Schiff ran into Bernanke at a conference recently. Here is Schiff’s recollection of their encounter.
‘“We got the photograph out of the way. Then I wanted to talk to him. The first thing I wanted to do was I wanted to give him my version of why the economy is so screwed up and why everything in it is wrong. The last thing he wanted to get was a lecture from me, but that’s what I tried to give him. But I tried to give him the Cliff Note version. I did want to ask him some questions, but I wanted to get his reaction to my take.
“I started talking about the housing bubble and the financial crisis and how the Federal Reserve caused that with its low interest rates. He said that no, it wasn’t that; that the interest rates had nothing to do with it. He first told me that the housing bubble was caused by Fannie and Freddie. At least he’s trying to blame the government. I said, ‘Look, Fannie and Freddie have been around since the 30s. We didn’t have that big housing bubble until the Fed happened to have interest rates at 1%, and then raised them very slowly. That wasn’t a coincidence.’ He said, ‘Well, it was subprime mortgages that did it.’ I said, ‘Subprime mortgages? But do you understand how subprime mortgages worked? They were all adjustable rates, and the most popular feature, what made them so enticing and affordable was the teaser rate. The fact that you can get a low rate of interest for the first few years. That was all because of the Fed. So if you’re going to blame subprime, you’ve got to blame the Fed, because the Fed is what gave life to subprime. It made subprime affordable.’ He also blamed regulation. He said regulation first before he said Fannie and Freddie. I said, ‘Well what regulations are you talking about?’ And he said Fannie and Freddie, which weren’t really regulations, they’re agencies. But he was really trying to lay the blame on the housing bubble on capitalism, because of subprime, and on the government, because of Fannie and Freddie.
“I said, ‘Wait a minute. If regulation and subprime and Fannie and Freddie – if that’s what caused the housing bubble, why didn’t you warn us about that in advance? Why didn’t you go in 2004, ‘Hey, we got a problem. We got these bad regulations, we got Fannie and Freddie, we got subprime , they’ve created a housing bubble! This is going to be a disaster!’’ He didn’t say any of that. He said the opposite of that. In fact, when he was asked specifically about the housing bubble, he denied that it existed. If it was being caused by the things that he said, why didn’t he warn about it? Because it wasn’t caused by those things…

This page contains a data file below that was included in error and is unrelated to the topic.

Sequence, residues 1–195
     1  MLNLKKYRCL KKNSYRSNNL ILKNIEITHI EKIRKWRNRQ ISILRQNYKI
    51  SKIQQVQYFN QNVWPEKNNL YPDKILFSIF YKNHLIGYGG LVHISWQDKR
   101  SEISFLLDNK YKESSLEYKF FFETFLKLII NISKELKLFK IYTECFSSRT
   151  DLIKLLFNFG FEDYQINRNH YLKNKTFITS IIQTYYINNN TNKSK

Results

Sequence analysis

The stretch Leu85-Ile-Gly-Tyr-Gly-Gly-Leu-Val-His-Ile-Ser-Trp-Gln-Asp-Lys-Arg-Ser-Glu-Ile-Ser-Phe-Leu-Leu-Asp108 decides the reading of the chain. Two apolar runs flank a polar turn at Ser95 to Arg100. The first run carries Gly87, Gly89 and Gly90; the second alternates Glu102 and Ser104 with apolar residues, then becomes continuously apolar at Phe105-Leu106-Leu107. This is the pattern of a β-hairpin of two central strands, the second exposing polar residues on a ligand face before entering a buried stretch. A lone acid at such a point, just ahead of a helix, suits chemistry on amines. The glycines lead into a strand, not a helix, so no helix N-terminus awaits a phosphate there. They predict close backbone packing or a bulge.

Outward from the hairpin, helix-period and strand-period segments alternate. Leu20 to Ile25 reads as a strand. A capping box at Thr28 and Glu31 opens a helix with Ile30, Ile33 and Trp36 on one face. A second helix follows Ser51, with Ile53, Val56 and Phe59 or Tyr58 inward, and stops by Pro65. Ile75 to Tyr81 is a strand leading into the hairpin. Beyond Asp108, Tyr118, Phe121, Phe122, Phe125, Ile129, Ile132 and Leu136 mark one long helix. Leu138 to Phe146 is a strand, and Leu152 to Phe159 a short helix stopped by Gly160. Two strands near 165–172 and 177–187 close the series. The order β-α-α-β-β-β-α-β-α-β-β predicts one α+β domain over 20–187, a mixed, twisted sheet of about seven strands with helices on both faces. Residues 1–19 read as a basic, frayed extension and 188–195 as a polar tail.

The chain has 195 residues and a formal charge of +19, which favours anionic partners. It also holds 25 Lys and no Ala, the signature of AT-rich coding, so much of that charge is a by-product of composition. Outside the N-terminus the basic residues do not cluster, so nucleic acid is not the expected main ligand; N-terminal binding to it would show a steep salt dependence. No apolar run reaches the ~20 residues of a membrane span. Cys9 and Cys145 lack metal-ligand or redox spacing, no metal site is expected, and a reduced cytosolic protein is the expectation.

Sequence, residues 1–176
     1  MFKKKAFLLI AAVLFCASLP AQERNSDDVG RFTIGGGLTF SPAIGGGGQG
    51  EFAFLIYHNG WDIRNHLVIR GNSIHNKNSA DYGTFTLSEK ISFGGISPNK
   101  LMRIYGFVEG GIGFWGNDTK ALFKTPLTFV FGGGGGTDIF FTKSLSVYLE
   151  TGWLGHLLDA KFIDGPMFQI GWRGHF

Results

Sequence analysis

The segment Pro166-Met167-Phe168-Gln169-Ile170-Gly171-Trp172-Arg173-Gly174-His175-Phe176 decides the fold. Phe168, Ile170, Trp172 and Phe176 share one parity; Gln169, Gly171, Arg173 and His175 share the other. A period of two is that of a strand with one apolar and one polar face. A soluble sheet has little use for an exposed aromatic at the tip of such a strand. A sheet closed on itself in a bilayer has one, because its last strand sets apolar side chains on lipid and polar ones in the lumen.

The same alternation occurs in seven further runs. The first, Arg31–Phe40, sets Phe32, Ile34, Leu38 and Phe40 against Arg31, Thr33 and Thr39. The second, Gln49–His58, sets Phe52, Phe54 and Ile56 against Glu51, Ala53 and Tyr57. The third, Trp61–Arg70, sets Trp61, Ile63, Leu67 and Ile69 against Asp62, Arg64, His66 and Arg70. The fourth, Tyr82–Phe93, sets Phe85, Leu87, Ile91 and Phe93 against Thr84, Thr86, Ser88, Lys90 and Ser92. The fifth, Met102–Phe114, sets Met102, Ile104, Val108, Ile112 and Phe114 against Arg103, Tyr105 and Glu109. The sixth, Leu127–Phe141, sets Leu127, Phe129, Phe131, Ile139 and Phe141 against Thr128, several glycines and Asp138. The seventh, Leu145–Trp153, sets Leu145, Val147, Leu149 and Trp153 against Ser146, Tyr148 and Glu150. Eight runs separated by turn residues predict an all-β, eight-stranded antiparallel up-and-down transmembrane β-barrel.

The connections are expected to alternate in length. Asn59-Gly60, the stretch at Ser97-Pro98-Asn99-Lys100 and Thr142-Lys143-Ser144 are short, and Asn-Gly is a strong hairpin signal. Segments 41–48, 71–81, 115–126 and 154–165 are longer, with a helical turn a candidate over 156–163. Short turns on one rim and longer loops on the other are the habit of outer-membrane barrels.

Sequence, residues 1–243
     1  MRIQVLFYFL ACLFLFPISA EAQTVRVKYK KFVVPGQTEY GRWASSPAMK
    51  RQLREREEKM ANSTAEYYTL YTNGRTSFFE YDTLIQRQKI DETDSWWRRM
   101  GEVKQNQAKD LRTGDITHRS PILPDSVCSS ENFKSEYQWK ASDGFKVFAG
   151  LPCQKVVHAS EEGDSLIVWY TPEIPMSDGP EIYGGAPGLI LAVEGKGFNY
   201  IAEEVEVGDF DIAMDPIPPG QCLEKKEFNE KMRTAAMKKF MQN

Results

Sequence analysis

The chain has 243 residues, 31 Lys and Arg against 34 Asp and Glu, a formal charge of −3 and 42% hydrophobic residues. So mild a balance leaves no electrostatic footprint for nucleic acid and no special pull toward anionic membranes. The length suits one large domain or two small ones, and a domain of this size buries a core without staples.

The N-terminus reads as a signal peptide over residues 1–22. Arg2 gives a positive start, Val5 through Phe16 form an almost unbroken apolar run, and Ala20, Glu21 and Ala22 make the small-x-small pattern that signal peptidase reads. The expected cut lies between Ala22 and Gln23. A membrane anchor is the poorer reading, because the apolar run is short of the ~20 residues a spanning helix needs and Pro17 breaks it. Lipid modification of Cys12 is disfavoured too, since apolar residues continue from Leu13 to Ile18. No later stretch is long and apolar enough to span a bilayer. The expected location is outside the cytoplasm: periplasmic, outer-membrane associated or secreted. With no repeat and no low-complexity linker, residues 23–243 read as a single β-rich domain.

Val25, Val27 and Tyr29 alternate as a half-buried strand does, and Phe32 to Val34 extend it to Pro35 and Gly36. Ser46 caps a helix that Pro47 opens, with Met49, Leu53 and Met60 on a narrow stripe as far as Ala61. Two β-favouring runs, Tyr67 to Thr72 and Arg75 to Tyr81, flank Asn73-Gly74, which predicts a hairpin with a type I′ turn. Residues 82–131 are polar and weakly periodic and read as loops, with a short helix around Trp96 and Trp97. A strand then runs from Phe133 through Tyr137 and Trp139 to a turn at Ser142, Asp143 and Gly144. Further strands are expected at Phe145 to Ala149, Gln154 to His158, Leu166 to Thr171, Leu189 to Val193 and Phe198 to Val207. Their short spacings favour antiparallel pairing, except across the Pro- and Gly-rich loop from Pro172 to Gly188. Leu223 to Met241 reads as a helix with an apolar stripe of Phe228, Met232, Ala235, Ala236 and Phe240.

“I tried to ask him some questions and that’s when he really wanted to end the conversation. The first question I said, ‘Mr. Bernanke, you’re so sure that you’re right. I don’t know how you can be so sure, because interest rates are still at zero and the Fed’s balance sheet hasn’t shrunk. You said you weren’t monetizing the debt when you talked to Congress. You said the Fed was going to sell the bonds, but none of them have been sold. They’ve all been rolled over. So how are you claiming victory when you haven’t exited? You haven’t raised rates, you haven’t shrunk the balance sheet. You were wrong in the past. You didn’t see the financial crisis coming. You told us there was no housing bubble. You aid subprime was contained. So you were certainly wrong then. So how do you know you’re not wrong now? Is there anything that might change your opinion and get you to rethink and maybe admit that your outlook is wrong?’ I forget the exact words.
“Instead of answering the questions, he just patted me on the shoulder… And just kind of gave me a little smile and that was it. He kind of turned. By then there was a couple other people around us. He started talking to somebody else. It was clear to me that he didn’t want to answer the questions. After all, I’m not paying him $200,000, so why should he answer my questions. I don’t know, maybe he didn’t want to answer them. I didn’t get the sense when I talked to him that he was lying to me. I thought he really believed what he believed. He seemed that way. i’m sure all the praise has gone to his head. He thinks he’s save the world. So he did seem sincere… Who am I? I’m just this guy trying to talk to the former Fed Chairman and tell him what a lousy job he did. He probably doesn’t want to hear that. He wants to talk to somebody who will tell him how great he is. That was the last I talked to him.‘
The excerpt above was from a longer article that be found here.